Mortality attributable to candidaemia reported from other studies is 12-38%. [15],[16],[17] In our study, we noted 16.9% mortality. Age group ≥ 40 years (32% vs. 5.9%) was significantly associated with mortality compared to age group < 40 years. It is well-established fact that C. albicans is more virulent than other Candida spp. [18] In our study, there was no significant association of mortality with different species. This could be due to smaller number of cases studied.

From our study we are of the opinion that, of the fungal pathogens, Candida spp. other than C. albicans are a major cause of morbidity in hospitalized patients. Early antifungal therapy improves the outcome.

 ~ References Top

1.Nguyen MH, Peacock JE Jr, Morris AJ, Tanner DC, Minh LN, Snydman DR, et al . The changing face of candidemia: Emergence of non- Candida albicans species and antifungal resistance. Am J Med 1996; 100 :617-23.  Back to cited text no. 1    
2.Pfaller MA, Jones RN, Doern GV, Sader HS, Messer SA, Houston A, et al . Bloodstream infections due to Candida species: SENTRY antimicrobial surveillance program in North America and Latin America, 1997-1998. Antimicrob Agents Chemother 2000; 44 :747-51.  Back to cited text no. 2  [PUBMED]  [FULLTEXT]
3.Agarwal J, Bansal S, Malik GK, Jain A. Trends in neonatal septicemia: Emergence of non- albicans Candida. Indian Pediatr 2004; 41 :712-5.  Back to cited text no. 3  [PUBMED]  [FULLTEXT]
4.Singhi SC, Reddy TC, Chakrabarti A. Candidaemia in a pediatric intensive care unit. Pediatr Crit Care Med 2004; 5 :369-74.  Back to cited text no. 4  [PUBMED]  [FULLTEXT]
5.Beck-Sague CM, Jarvis WR. The national nosocomial infection surveillance system: Secular trends in the epidemiology of nosocomial fungal infections in the United States. J Infect Dis 1993; 167 :1247-51.  Back to cited text no. 5    
6.Fridkin SK, Jarvis WR. Epidemiology of nosocomial fungal infections. Clin Microbiol Rev 1996; 9 :499-511.  Back to cited text no. 6  [PUBMED]  [FULLTEXT]
7.Blumberg HM, Jarvis WR, Soucie JM, Edwards JE, Patterson JE, Pfaller MA, et al . Risk factors for candidal bloodstream infections in surgical intensive care unit patients: The NEMIS prospective multicenter study. Clin Infect Dis 2001; 33 :177-86.  Back to cited text no. 7  [PUBMED]  [FULLTEXT]
8.Berrouane YF, Herwaldt LA, Pfaller MA. Trends in antifungal use and epidemiology of nosocomial yeast infections in a university hospital. J Clin Microbiol 1999; 37 :531-7.  Back to cited text no. 8  [PUBMED]  [FULLTEXT]
9.Kao AS, Brandt ME, Pruitt WR, Conn LA, Perkins BA, Stephens DS, et al . The Epidemiology of candidemia in two United States cities: Results of a population-based active surveillance. Clin Infect Dis 1999; 29 :1164-70.  Back to cited text no. 9  [PUBMED]  [FULLTEXT]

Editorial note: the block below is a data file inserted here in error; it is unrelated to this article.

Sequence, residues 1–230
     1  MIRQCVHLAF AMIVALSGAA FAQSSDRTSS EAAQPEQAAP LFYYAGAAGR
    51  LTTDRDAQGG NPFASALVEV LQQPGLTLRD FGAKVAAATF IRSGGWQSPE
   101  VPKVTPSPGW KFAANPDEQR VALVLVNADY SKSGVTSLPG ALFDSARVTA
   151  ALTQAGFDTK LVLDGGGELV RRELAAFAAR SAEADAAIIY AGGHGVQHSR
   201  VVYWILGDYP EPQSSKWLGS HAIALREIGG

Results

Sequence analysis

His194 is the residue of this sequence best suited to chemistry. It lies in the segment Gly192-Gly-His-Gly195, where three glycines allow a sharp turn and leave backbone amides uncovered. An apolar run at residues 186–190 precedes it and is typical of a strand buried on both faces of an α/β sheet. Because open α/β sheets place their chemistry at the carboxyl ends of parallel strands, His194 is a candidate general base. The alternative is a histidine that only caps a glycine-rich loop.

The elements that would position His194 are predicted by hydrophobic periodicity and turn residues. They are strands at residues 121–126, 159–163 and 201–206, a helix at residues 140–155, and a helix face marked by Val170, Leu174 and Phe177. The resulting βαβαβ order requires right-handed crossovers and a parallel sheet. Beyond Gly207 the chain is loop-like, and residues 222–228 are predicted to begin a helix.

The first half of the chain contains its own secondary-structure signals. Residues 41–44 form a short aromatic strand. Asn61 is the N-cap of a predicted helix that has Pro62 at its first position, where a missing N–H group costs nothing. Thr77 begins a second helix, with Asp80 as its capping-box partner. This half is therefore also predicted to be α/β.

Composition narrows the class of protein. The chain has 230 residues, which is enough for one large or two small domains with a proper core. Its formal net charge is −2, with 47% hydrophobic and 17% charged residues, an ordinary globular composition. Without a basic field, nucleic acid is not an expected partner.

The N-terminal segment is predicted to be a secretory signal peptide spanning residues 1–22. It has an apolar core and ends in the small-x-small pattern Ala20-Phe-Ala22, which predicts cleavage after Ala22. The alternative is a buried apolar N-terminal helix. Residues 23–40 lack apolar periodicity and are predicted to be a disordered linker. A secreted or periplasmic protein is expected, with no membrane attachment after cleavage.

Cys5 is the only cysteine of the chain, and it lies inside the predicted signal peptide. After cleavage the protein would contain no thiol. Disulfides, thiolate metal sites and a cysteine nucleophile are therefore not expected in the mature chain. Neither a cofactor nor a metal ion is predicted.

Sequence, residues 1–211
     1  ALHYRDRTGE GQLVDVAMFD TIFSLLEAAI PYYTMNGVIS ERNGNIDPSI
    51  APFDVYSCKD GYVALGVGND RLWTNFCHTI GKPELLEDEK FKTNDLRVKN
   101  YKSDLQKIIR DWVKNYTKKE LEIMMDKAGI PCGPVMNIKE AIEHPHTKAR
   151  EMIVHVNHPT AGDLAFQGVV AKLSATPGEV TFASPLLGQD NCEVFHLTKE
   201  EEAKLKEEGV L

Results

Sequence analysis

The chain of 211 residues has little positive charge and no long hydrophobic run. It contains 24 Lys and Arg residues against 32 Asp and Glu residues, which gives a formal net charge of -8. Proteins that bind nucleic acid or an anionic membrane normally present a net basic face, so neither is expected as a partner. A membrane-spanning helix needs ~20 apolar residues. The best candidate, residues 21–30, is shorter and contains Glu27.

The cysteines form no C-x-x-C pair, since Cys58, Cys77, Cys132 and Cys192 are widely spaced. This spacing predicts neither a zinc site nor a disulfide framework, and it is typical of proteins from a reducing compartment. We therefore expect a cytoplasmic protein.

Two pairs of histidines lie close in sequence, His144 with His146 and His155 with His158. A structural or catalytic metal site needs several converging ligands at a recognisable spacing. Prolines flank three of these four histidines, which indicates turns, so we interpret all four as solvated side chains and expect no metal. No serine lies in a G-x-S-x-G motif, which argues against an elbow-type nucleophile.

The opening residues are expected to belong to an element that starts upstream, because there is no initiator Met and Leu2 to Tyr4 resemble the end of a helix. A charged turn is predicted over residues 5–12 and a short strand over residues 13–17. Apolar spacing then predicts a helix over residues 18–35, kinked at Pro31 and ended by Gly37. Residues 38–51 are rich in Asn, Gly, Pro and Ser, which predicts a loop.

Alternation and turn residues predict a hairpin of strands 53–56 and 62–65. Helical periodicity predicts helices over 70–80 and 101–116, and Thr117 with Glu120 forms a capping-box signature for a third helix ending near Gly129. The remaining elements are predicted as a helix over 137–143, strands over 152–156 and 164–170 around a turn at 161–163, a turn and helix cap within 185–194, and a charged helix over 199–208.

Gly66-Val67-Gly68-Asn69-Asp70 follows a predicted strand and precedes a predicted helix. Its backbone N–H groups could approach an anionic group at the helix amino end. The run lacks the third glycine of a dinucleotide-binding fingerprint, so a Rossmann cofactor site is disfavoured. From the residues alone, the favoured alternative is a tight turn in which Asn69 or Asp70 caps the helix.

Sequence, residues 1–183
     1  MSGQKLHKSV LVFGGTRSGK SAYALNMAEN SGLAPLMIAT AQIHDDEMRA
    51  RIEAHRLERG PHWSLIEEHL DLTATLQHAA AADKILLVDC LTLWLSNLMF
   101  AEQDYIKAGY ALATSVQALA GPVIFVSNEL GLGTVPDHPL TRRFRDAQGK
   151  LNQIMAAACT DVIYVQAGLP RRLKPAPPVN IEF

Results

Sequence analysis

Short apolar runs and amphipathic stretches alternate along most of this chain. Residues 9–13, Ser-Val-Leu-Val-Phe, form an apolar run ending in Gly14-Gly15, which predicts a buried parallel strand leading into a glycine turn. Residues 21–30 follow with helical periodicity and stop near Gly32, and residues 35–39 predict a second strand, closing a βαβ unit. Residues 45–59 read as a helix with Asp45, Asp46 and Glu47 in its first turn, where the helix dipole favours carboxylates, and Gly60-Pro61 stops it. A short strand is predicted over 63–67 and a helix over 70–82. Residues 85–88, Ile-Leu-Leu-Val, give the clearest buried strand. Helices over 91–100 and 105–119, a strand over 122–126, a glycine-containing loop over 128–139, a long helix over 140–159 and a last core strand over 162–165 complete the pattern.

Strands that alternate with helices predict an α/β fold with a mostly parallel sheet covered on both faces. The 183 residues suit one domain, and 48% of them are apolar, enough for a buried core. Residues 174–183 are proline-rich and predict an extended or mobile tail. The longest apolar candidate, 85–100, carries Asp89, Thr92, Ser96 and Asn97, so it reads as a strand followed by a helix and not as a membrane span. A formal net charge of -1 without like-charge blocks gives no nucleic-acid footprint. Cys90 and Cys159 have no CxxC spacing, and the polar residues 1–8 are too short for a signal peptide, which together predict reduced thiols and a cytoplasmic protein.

10.Strausbaugh LJ, Sewell DL, Ward TT, Pfaller MA, Heitzman T, Tjoelker R. High frequency of yeast carriage on hands of hospital personnel. J Clin Microbiol 1994; 32 :2299-300.  Back to cited text no. 10  [PUBMED]  [FULLTEXT]
11.Weems JJ Jr, Chamberland ME, Ward J, Willy M, Padhye AA, Solomon SL. Candida parapsilosis fungemia associated with parenteral nutrition and contaminated blood pressure transducers. J Clin Microbiol 1987; 25 :1029-32.  Back to cited text no. 11  [PUBMED]  [FULLTEXT]
12.Fidel PL Jr, Vazquez JA, Sobel JD. Candida glabrata : Review of epidemiology, pathogenesis, and clinical disease with comparison to C. albicans . Clin Microbiol Rev 1999; 12 :80-96.  Back to cited text no. 12    
13.Chakrabarti A, Singh K, Narang A, Singhi S, Batra R, Rao KL, et al . Outbreak of Pichia anomala infection in the pediatric service of a tertiary-care center in Northern India. J Clin Microbiol 2001; 39 :1702-6.  Back to cited text no. 13  [PUBMED]  [FULLTEXT]
14.Pasqualotto AC, Sukiennik TC, Severo LC, de Amorim CS, Colombo AL. An outbreak of Pichia anomala fungemia in a Brazilian pediatric intensive care unit. Infect Control Hosp Epidemiol 2005; 26 :553-8.  Back to cited text no. 14  [PUBMED]  [FULLTEXT]
15.Pappas PG, Rex JH, Lee J, Hamill RJ, Larsen RA, Powderly W, et al . A prospective observational study of candidemia: Epidemiology, therapy, and influences on mortality in hospitalized adult and pediatric patients. Clin Infect Dis 2003; 37 :634-43.  Back to cited text no. 15  [PUBMED]  [FULLTEXT]
16.Wey SB, Mori M, Pfaller MA, Woolson RF, Wenzel RP. Hospital acquired candidemia. Arch Intern Med 1988; 148 :2642-5.  Back to cited text no. 16  [PUBMED]  
17.Wenzel RP. Nosocomial candidemia: Risk factors and attributable mortality. Clin Infect Dis 1995; 20 :1531-4.  Back to cited text no. 17  [PUBMED]  
18.Andriole VT, Hasancleven IT. Factors influencing experimental candidiasis in mice. Yale J Biol Med 1962; 35 :96-112.  Back to cited text no. 18    


  [Table - 1], [Table - 2]